14 Comments

With Colors Like These (Flash Fiction)

Thank you, Priceless Joy, for hosting Flash Fiction for Aspiring Writers, and thank you, Phylor, for providing the inspiring photo prompt this week. If you haven’t heard of or joined this challenge, please go check out PJ’s blog for more details and entertaining entries. You won’t regret it.

~*~

Now, to the story:

~*~

“Oh, wow, Mommy . . . orange, and yellow, and red. They’re everywhere!” He tugs away from her hand and cannon balls into a big pile.

She laughs and settles down by the shed in their backyard. A gust of wind brushes past, and she leans her face into it, closing her eyes, taking it all in. Especially the rustling sounds of her son leaping and diving into the leaves.

“Mommy! The colors are making me so hungry. I’m starving!”

She smirks and stretches her legs on the grass, crossing her ankles. “Oh, really? It’s the colors’ fault?”

“Yes!” He attacks another big pile. “Daddy always says my eyes get hungry before my tummy does.”

That makes her laugh. Again.

“Mommy?” He pauses his jumping.

“Mhmm?”

“Do you still get hungry?”

She furrows her eyebrows. “Of course.”

“But… but you can’t see anything.”

She gets quiet and stays quiet for a long moment. He’s just a kid. A kid who starts stomping and crushing the leaves, less happy, more angry now. He doesn’t understand why her pale eyes can’t see anymore. No matter how many times she tries to explain.

“Yes, baby—” Her voice cracks. “I still get hungry.”

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14 comments on “With Colors Like These (Flash Fiction)

  1. I loved this story! Very sad at the end to find out she is blind. The story really drew me into it and I really enjoyed reading it. Well done!

    Like

  2. Lovely twist at the end. So sad that she can’t see the colours her kid is describing, but happy that she is still living her life and has him to look after her in years to come. Nice one.

    Like

  3. Oh no Izzy, I did not see that end coming.
    Kids can be a blessing and a reminder of ghosts better left buried.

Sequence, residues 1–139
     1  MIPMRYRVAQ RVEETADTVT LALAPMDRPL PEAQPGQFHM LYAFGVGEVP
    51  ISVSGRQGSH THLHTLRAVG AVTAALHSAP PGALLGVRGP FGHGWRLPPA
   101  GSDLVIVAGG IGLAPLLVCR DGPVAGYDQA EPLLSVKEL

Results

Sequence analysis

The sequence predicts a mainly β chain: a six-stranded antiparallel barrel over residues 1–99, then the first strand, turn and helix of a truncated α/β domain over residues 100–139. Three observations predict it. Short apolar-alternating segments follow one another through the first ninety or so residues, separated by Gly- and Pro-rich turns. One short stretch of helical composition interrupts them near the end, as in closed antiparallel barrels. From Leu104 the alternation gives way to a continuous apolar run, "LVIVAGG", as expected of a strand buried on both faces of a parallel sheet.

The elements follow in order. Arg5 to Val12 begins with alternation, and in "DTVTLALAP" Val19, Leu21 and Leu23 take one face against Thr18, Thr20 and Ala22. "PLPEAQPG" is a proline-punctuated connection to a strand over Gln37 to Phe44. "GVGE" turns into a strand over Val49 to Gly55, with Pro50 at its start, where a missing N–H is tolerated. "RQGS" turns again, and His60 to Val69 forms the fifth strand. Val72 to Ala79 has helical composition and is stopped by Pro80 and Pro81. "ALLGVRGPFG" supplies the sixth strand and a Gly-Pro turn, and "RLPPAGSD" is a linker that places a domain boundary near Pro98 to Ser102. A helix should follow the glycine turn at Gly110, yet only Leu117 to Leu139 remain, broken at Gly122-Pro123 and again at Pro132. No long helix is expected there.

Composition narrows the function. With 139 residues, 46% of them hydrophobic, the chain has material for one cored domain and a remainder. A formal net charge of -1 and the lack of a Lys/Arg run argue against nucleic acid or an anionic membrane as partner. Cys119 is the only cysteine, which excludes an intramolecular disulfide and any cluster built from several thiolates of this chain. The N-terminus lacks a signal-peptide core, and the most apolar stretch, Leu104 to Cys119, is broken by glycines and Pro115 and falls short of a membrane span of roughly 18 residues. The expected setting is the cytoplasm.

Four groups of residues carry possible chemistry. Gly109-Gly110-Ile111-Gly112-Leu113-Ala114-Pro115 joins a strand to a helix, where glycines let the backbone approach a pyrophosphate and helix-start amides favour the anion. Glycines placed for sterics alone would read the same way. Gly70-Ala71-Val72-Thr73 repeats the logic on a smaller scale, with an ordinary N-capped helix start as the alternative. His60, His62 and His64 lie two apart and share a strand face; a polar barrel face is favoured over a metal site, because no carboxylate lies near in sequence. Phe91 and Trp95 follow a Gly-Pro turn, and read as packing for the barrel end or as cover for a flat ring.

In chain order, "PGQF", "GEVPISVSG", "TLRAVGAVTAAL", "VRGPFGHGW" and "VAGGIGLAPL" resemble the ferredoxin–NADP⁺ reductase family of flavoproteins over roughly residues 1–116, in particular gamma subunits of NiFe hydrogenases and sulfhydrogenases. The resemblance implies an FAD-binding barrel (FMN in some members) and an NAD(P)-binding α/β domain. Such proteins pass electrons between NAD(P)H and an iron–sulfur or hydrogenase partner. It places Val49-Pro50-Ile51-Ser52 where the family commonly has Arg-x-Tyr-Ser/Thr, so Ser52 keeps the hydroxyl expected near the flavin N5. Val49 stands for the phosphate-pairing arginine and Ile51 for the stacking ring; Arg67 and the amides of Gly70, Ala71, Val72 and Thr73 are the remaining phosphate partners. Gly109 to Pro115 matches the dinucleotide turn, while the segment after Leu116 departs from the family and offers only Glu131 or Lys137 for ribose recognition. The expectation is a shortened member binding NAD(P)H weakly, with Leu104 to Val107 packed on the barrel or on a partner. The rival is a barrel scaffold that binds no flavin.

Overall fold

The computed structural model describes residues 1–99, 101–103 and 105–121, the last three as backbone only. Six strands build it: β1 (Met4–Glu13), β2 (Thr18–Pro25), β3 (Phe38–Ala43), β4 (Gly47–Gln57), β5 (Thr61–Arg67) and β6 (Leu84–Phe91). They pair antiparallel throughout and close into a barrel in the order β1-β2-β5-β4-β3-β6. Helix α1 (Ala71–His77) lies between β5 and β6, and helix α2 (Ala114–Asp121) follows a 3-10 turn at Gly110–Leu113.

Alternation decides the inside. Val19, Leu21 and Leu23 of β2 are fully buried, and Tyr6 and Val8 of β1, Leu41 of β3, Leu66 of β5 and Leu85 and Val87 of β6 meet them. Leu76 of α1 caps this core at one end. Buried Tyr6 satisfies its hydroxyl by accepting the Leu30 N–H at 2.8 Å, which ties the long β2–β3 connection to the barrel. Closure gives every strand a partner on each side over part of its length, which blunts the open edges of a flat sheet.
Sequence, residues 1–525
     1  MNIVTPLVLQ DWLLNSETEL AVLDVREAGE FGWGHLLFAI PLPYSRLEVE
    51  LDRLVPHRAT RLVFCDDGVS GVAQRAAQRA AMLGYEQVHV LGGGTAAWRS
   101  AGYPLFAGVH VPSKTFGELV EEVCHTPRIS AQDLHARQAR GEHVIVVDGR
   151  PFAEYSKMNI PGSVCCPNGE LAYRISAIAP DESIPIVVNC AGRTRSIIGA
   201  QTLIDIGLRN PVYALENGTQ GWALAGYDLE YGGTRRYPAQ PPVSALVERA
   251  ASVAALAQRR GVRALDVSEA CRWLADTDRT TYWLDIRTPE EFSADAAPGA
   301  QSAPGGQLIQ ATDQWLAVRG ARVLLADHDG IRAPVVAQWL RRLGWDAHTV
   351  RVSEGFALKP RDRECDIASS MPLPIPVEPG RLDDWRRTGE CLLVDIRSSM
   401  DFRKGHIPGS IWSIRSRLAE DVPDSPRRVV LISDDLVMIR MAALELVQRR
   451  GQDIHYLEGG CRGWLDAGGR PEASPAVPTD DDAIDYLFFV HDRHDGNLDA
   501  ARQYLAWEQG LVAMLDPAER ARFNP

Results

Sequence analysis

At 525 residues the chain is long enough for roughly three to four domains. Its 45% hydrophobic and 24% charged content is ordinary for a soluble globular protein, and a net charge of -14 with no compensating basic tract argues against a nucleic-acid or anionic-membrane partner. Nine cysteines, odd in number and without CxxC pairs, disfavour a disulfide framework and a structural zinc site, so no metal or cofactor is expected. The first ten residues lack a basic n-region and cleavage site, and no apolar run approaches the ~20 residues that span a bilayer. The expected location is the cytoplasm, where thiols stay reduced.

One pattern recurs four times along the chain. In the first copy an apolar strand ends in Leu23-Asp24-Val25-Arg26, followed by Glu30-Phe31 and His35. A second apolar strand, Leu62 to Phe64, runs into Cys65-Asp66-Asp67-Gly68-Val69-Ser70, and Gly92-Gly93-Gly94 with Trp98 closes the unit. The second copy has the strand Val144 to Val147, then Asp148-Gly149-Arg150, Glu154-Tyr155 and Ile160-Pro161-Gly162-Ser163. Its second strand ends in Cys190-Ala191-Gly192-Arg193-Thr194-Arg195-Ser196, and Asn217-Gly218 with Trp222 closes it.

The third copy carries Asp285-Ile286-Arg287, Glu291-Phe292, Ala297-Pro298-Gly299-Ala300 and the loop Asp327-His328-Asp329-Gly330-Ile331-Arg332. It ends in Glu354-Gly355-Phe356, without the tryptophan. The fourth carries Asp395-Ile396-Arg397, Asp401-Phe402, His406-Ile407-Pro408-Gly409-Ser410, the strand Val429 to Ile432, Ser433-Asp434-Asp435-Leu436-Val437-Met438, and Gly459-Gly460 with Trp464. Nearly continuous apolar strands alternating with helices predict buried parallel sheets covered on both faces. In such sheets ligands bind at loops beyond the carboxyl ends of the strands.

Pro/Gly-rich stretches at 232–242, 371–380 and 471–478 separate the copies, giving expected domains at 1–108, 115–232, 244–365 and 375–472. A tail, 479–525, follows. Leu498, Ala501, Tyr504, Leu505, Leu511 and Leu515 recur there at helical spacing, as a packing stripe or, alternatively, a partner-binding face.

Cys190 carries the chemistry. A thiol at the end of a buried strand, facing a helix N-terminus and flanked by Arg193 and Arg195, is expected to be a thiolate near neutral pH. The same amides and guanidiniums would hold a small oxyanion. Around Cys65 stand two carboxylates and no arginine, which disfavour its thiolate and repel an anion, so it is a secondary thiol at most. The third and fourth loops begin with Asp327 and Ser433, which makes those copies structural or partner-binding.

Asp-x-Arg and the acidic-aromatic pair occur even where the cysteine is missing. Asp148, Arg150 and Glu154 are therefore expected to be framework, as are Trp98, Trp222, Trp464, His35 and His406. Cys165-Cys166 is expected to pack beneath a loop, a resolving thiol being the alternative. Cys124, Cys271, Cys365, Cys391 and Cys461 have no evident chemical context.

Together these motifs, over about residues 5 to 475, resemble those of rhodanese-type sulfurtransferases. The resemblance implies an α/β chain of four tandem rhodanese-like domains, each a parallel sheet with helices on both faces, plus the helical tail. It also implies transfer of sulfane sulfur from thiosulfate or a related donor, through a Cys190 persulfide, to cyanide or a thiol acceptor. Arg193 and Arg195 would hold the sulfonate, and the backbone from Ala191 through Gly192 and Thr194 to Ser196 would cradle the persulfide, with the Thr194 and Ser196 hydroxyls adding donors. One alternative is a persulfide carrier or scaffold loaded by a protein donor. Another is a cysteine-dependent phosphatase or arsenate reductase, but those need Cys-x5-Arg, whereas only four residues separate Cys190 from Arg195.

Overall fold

Liked by 1 person

  4. Awww… heartbreakingly beautiful.

    Liked by 1 person

  5. The honesty in this exchange was well done. Not overly done –
    Ellespeth

    Liked by 1 person

  6. oh dear! that twist hits the heart hard. yet sooooo beautiful!

    Like

  7. the innocence of a child brings us face to face with our reality and what we shall do with it….love that the story id=s not ll roses and kisses bt still gives me a good feeling at the end…nice!

    Liked by 1 person

  8. That’s very sad about her eyes. I suppose to a child it might be confusing. He doesn’t know what effects what and what not having sight or poor fight means. Well written.

    Liked by 1 person

  9. Beautifully described, Izzy. The twist was totally unexpected. Having her closing her eyes was a great red herring – I assumed the lack of visual description was because she wasn’t looking, not because she couldn’t see. Very nicely done. 🙂

    Liked by 1 person

  10. Such a beautiful story Izzy and so beautifully told..

    Liked by 1 person

  11. A wonderful story of a mom enjoying a her day with her child and trying to make things normal for him even though she could not enjoy the colors as he did. There are many things that children do not understand when they can see, but other people can not. I read the book Touching The Rock by John M. Hull and he explains how his life was being blind, and helping to raise his children. There are many things I was already aware of, but many that never crossed my mind….especially the way children view a person that is blind. It is a really wonderful book…recommended to me by one of my sisters that is going blind.

    Liked by 2 people

  12. A very endearing scene, Izzy. I love the image of the little boy frolicking in the leaves. It’s a vivid and colourful scene, which makes the sudden reference to the mother’s blindness all the more poignant. I also like the way the child’s remark about his eyes getting hungry before his stomach links to her blindness. Very well written.

    Like

  13. The innocence of children and the fortitude of moms – well done

    Liked by 2 people

  14. Oh my. I wasn’t expecting that closure. Sometimes children are so endearing in their innocence.

    Liked by 2 people

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